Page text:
Dietary reference intakes are used in the US and Canada. These are how we gauge the need for vitamins and minerals. These two are taken in smaller amounts than the macronutrients we just discussed.

    DRIs are put in four categories:

    • Recommended Dietary Allowance: The intake that is thought to meet the nutrient needs of 97 – 98% of healthy people in an age group.
    • Adequate Intake: The goal intake when there isn’t a sufficient amount of scientific research to estimate RDA.
    • Estimate Average Requirements: The intake that will meet the estimated nutrient needs for half the people in a group.
    • Tolerable Upper Intake Level: The max intake that will not lead to health risks or adverse effects in most people.


    This can be a worry for some and not a worry for others. 

    General Fluid Intake Guidelines

    The generally known intake to shoot for is 1.9L to up to 7.5L per day. Neither is more right as it depends on the factors of where you live and the activities you partake in.

    Basically, the goal is for us to just avoid becoming dehydrated. 

    Fluid intake and Exercise

    Before exercise, we should have 5 to 7 mL of water per kg of body weight 4 hours before exercise. We watch the urine color to not let it become too dark.

    During exercise, we want to prevent dehydration by taking in as much water as we are losing ideally. Most people only take in 2/3 of the sweat lost, thus trainers should be aware of it.

    Post Exercise will likely see slight dehydration, so we should make it a goal to return to pre-exercise levels.

    Weight Gain and Weight Loss

    There are two main reasons to gain weight we see: To improve physical appearance or to enhance athletic performance.

    It is recommended for us to gain weight by increasing the daily calories by 350 – 700 calories. This will keep the fat gain lower and would lead to about 1 – 2 pounds of gain in lean tissue. Larger portions are recommended over adding in meals. 1.2 – 2.0 grams of protein per kg is ideal.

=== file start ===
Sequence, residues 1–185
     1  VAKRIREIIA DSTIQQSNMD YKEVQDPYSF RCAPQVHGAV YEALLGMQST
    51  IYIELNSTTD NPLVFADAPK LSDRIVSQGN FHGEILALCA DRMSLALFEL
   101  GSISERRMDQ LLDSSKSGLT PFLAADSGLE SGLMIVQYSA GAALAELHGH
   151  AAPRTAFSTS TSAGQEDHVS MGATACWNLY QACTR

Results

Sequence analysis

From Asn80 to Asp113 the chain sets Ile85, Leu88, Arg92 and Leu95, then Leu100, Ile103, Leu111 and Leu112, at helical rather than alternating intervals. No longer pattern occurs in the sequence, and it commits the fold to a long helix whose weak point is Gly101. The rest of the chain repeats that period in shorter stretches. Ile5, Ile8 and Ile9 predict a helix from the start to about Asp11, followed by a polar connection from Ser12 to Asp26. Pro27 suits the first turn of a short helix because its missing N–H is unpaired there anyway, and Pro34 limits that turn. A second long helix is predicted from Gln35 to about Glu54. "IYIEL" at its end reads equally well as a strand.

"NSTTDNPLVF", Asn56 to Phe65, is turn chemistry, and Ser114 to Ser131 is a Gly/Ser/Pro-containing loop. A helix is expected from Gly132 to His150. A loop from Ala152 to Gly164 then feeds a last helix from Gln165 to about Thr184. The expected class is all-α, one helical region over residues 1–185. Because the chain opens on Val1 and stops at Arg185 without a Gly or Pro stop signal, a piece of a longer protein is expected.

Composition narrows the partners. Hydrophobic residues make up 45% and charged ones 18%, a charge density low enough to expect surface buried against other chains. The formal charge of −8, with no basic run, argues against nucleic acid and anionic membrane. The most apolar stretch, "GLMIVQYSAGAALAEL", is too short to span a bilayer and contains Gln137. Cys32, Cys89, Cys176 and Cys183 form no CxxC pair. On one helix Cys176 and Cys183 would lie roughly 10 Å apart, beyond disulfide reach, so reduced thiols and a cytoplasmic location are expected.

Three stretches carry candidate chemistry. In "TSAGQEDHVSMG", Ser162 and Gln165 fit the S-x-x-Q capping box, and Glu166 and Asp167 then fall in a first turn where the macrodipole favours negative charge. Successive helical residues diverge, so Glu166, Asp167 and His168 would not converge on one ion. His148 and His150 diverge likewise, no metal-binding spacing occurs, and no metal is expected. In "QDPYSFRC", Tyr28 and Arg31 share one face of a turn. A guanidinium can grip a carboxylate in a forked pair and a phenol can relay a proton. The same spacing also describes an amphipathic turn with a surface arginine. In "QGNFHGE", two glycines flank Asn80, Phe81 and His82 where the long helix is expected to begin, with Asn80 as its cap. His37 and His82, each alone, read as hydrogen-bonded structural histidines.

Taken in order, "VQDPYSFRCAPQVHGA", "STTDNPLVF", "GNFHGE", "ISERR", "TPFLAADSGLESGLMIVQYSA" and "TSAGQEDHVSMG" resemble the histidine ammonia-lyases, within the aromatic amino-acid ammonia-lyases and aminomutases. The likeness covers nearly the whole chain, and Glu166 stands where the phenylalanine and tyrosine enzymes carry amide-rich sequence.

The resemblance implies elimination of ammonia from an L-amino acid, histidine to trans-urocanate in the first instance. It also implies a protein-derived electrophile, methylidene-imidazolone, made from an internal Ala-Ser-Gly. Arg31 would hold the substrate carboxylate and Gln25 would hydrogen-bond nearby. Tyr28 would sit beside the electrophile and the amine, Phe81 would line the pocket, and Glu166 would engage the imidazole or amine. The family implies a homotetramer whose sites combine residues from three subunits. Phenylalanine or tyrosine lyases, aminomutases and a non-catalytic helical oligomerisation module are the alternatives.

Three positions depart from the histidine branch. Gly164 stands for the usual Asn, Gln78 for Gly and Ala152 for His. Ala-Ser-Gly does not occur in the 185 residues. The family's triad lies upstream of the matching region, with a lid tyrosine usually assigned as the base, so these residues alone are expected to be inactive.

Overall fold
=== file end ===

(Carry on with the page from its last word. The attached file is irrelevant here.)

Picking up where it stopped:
Two typical reasons for wanting to lose weight are those that are normal weight wanting to lose body fat for aesthetics and those that are overweight and want to lose weight for health reasons. Clients must consider a few principles for weight loss

    • The ability to achieve and maintain minimal body fat is somewhat genetic.
    • Gaining weight and losing body fat at the same time depends on the program and nutrition. It is harder for trained athletes.
    • 1 – 2 pounds lost per week is usually from a deficit of 500 – 1,000 kcals daily. This can be from both exercise and diet. There can be a noted loss in lean tissue that must be watched and prevented.
    • Diets should be made of food that is low in energy density. This density is in reference to the calories per weight or volume. 
    • Diets need to be balanced nutritionally from different food groups.

    Evaluating Weight Loss Diets

    To spot fad diets we look at the following as signs.

    • The diet takes out a food group which may see deficiencies in nutrients and won’t last in the long term.
    • A diet may emphasize one food or type of food.
    • It may be too low in calories.
    • Physical activity is discouraged or deemed unnecessary.
    • The diet promises quick results.

    Dietary Supplements

    Dietary supplements are regulated in the US by the DSHEA. 

    48% of US adults take some form of supplement. 

    Vitamins and minerals are the most popular to be supplemented. This can sometimes be harmful when we start to over supplement.

    In fitness-specific supplementation we see a lot of supplementation of creatine and amino acids.

    If you want assistance wrapping your head around this material, make sure to check out Trainer Academy for some awesome NSCA study materials. They have Practice tests, flashcards, and a fantastic study guide. They even offer an exam pass guarantee.